Few things make me happier than looking at the studios and workspaces of creative people. Glimpsing their tools, materials, organization methods, and artwork allows me a rare peek into their imaginative brains to find inspiration.
I have a feeling you love seeing creative spaces, too. That's why I'm excited to tell you about something new in the Cloth Paper Scissors Shop: Labor of Love. We have two issues of this new e-magazine (Click here for Issue 1 and Issue 2), which are filled with gorgeous photos of studios where all types of artistic people work, plus much more. You'll see where these men and women live, how they live, and read about what inspires them.
The digital magazines were produced by Lori Siebert, an artist herself. Here's what Lori has to say about this venture: "Labor of Love is an online publication that honors and shares the lifestyles of highly creative people. … Readers will see inside their homes, workspaces, gardens and favorite spaces. They will also discover new recipes, musicians, places to travel…and many other aspects of life to sample."
Among those featured in the first two issues are artists Steffanie Lorig, Sue Zipkin, and Kent Youngstrom, art director and writer Billy Lambrinides, and graphic designer Ty Webb. I caught up with Lori to ask her more about this special endeavor.
Why do you think there is perpetual interest in seeing artists' workspaces?
I find that artists tend to create eclectic, interesting, visually stimulating spaces, whether those spaces are in their home, their studio, or their garden. They see beauty in the unusual. Creative people are noticers. They see possibility in unexpected things. They love to bring their favorite pieces of inspiration into their surroundings. It is incredibly inspiring to see the wonderful spaces that are curated by an artistic eye.
I think it's wonderful that you wanted to show so many different aspects of an artist's life in the magazine-not just their studio and work. Why did you want to include photos of their homes, their favorite recipes, and their collections?
Creative people usually live creatively. An artist's brain works overtime. Artists are constantly seeing how one thing can be transformed into something new. I have many artist friends who inspire me in this way. The way they dress, the meals they prepare, the things they collect and display-all are born from their individual point of view. I always told my kids to embrace what makes them unique. It is our uniqueness that makes life interesting, unpredictable, and exciting! It's cool to get a little peek into these creative worlds.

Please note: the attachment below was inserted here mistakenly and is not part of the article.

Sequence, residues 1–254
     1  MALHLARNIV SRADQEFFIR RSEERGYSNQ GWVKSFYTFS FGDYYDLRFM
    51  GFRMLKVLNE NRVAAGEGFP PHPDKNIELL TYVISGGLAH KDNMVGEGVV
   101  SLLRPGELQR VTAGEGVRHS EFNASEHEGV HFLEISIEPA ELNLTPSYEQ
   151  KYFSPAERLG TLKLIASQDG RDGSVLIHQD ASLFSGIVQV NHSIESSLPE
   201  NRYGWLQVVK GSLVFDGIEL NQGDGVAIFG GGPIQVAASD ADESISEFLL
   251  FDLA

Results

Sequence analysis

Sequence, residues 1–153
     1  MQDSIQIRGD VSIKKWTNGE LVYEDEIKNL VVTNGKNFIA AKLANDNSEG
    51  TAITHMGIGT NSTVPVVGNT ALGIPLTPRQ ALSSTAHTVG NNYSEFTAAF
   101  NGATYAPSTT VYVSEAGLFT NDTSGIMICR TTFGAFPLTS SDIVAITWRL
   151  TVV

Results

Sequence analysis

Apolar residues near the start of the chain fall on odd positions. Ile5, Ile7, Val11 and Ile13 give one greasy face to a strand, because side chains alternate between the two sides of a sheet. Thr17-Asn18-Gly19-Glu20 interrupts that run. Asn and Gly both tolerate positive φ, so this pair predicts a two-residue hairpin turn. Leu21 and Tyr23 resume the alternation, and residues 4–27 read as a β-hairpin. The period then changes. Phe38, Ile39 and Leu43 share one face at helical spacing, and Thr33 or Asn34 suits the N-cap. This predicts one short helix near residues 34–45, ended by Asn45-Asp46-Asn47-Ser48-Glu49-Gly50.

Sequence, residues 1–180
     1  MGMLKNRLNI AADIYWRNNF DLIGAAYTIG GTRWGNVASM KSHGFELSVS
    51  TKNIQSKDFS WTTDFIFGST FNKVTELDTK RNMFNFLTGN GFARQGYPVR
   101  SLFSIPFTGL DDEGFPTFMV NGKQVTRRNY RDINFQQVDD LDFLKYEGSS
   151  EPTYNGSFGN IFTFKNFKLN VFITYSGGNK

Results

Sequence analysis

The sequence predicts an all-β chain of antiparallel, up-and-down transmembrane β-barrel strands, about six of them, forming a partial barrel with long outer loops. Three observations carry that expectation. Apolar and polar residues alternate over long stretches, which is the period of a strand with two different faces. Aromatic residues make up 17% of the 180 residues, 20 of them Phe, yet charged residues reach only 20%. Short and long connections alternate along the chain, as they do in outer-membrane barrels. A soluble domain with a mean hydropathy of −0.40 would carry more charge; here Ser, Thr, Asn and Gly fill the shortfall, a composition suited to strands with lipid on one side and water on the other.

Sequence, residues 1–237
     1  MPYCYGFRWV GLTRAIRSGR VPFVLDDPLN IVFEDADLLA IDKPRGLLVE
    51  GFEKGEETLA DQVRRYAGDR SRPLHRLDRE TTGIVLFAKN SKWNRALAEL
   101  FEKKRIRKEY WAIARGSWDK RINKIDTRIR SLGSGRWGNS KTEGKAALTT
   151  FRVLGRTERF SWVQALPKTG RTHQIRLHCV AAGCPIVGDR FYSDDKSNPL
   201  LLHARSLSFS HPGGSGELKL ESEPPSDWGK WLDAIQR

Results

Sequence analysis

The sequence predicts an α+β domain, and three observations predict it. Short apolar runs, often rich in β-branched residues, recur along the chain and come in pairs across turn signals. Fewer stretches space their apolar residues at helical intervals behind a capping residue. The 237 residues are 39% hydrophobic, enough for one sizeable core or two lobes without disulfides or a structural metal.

How did you choose the artists who are featured in the magazines?
When the idea came to me in the middle of the night, I got so excited that I posted a Facebook message the next day, sharing the idea with many of my creative friends. The support and immediate interest was overwhelming. We put together a submission form to send to whoever was interested. I also reached out to some of my favorite artists whom I had never met. The love and care that each person put into their photos and writing was just what I was hoping to receive. Each submission really showed the unique personalities that I wanted to share with readers.
After doing all of these interviews with so many varied creative types, is there anything they revealed about their lives that surprised you?
A couple of things surprised me. I did not just reach out to artists when I sent the submissions info. There are inspiring people in my life who are wonderfully creative in everything they do, even though they don't make art. Several of these people decided not to submit because they did not see themselves as artists. I really want the magazine to be about people who live their lives in a unique way, artist or not. I plan to incorporate stories about travel and fashion in future issues to widen the concept of a creative lifestyle.
I also love that many of the contributors found the exercise of telling their story visually and through their own words very cathartic. When you take time to really look at your personal surroundings and think about how you wish to be portrayed, it gets you in touch with who you really are and what you love. I also love how revealing the answers to the questions are. They really give you a sense of each person's personality.
Big thanks to Lori for these great insights. I hope you enjoy these two issues as much as I did, and find inspiration on every page.